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Jeremiah Cymerman Emerges “Out of Many Waters”

Decay of the Angel - Jeremiah Cymerman

As part of our culture’s broader nostalgia for 1980s aesthetics, the sounds of John Carpenter’s horror scores have recently come into vogue in the heavy metal scene. Whether this comes in the form of flirtations with synthwave or outright incorporation of pulsing modular synthesis, metal has grown adapt at evoking the world of 1980s horror films in sound. Rarely, however, is the resulting music actually scary. A band like The Lion’s Daughter, as enjoyable as they are, are only horrifying by association. They recall being scared by images, but the sounds themselves aren’t going to keep you up at night. If you want to truly be wigged out by a record, you’ll have to get your kicks elsewhere, and the world of new music is a great place to start.

Consider the clarinet. The instrument recalls the kind of music you’d need to wear a tux to hear, but in the hands of experimental artist Jeremiah Cymerman, it is more appropriate for a black robes and candlelight. Much like Colin Stetson’s work for the Hereditary score earlier this year, Cymerman’s newest album Decay of the Angel turns woodwinds into instruments of terror. Stream the album’s finale “Out of Many Waters” below.

“Out of Many Waters” is one of the few pieces that offers respite from the whiteknuckle intensity of the rest of Decay of the Angel. Even though it scales back the truly freaky electronic elements, “Out of Many Waters” is still a disconcertingly intimate listen. Cymerman labels himself as an electro-acoustic artist, and even in a more conventional recording, his ability to make sound physical is evident. This piece is a feat of recording. Every note, squeak, inhale, and adjustment is clearly audible. It isn’t so much that Cymerman places the listener into the room where he’s performing so much as he places the music directly inside the listeners body, conjuring the sounds up out of the spine and into the ears.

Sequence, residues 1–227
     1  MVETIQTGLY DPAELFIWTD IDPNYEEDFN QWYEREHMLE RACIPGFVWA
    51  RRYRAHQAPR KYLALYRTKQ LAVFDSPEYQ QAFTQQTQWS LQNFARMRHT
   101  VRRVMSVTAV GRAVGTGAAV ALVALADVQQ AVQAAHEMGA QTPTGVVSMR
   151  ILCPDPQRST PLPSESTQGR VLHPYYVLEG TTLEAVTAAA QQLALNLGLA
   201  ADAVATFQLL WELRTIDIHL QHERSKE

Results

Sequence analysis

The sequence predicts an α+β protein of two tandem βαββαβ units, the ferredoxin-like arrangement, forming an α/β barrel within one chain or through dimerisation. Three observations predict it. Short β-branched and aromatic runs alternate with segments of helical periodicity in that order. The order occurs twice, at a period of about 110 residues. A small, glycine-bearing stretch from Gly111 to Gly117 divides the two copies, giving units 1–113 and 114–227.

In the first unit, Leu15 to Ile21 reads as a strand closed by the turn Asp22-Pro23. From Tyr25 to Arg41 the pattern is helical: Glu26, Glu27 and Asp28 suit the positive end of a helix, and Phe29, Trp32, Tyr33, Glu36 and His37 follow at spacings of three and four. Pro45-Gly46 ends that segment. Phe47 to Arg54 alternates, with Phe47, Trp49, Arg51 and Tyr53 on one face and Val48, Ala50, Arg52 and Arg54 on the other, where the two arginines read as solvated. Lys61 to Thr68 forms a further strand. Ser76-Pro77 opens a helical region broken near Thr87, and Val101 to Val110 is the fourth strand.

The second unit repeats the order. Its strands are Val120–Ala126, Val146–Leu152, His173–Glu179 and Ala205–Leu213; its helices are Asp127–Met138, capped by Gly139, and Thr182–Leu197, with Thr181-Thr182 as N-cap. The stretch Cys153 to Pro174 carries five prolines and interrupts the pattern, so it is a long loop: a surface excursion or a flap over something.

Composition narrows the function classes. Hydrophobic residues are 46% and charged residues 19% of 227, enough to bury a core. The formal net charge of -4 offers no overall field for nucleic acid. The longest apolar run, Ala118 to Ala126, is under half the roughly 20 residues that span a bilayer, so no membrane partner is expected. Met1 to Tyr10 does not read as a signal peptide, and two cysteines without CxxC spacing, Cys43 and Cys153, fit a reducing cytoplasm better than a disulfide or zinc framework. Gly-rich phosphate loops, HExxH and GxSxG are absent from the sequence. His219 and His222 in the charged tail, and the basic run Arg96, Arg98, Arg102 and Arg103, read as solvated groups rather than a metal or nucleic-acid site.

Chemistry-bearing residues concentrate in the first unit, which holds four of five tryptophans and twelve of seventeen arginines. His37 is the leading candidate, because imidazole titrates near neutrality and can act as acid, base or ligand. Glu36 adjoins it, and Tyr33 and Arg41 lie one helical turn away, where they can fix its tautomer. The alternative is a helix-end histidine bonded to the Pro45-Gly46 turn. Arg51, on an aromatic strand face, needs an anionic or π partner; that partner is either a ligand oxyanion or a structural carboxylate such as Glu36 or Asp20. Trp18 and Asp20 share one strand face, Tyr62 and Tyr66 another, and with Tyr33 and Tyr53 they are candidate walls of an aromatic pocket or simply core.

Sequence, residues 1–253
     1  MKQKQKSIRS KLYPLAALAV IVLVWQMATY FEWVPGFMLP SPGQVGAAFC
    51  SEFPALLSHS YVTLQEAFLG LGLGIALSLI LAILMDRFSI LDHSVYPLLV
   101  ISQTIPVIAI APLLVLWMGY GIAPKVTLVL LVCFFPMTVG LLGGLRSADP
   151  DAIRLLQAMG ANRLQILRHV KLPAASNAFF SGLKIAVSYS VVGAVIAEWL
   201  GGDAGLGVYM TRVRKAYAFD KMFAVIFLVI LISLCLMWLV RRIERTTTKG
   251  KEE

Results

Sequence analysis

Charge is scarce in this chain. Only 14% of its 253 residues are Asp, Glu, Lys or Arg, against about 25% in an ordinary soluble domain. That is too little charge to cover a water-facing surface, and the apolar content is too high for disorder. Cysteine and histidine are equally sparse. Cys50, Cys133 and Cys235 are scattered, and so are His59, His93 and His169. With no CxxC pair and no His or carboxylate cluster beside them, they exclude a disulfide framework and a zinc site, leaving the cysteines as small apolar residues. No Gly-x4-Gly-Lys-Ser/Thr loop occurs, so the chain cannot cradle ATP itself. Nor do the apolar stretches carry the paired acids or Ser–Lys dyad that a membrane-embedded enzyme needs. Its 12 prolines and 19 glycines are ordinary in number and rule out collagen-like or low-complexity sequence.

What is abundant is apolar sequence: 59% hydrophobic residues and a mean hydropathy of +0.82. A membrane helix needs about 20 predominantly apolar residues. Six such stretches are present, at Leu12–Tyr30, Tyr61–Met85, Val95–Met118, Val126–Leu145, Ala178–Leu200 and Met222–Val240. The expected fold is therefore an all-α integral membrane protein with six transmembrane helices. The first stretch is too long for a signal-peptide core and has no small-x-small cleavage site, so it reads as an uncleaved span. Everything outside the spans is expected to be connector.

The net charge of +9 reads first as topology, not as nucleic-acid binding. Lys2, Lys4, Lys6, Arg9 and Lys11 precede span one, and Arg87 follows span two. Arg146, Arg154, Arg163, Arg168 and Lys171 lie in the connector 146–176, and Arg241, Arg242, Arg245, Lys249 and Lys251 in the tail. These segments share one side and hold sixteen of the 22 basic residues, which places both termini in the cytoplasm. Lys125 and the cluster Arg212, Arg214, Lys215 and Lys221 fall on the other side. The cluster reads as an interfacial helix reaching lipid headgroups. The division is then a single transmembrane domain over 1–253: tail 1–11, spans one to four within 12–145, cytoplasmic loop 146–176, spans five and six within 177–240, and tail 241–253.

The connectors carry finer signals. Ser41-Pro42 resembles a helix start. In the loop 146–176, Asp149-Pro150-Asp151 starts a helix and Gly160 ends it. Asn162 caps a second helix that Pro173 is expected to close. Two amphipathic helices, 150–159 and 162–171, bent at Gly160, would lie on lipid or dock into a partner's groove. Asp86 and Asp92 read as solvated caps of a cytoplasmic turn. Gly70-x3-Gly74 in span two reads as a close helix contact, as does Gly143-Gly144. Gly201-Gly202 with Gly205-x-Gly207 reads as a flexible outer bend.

It likely isn’t Cymerman’s intention to scare his listeners, but rather to challenge them. That “Out of Many Waters” registers as a relief only speaks to how harrowing the rest of Deacy of the Angel is.

Here’s what Cymerman has to say about the piece:

The most melodic piece on the record is also the closer, “Out of Many Waters.” Throughout the whole album, the solo clarinet is featured in a variety of sonic settings; electronic accompaniments, pedals, and percussion. For the very last track, the clarinet is featured in a stark acoustic environment, performing with a desperate sense of joy and introspection that hasn’t been as readily apparent on most of my previous work. It’s a delicate and vulnerable ending to an intense listening experience.

Decay of the Angel releases on August 17th via 5049.

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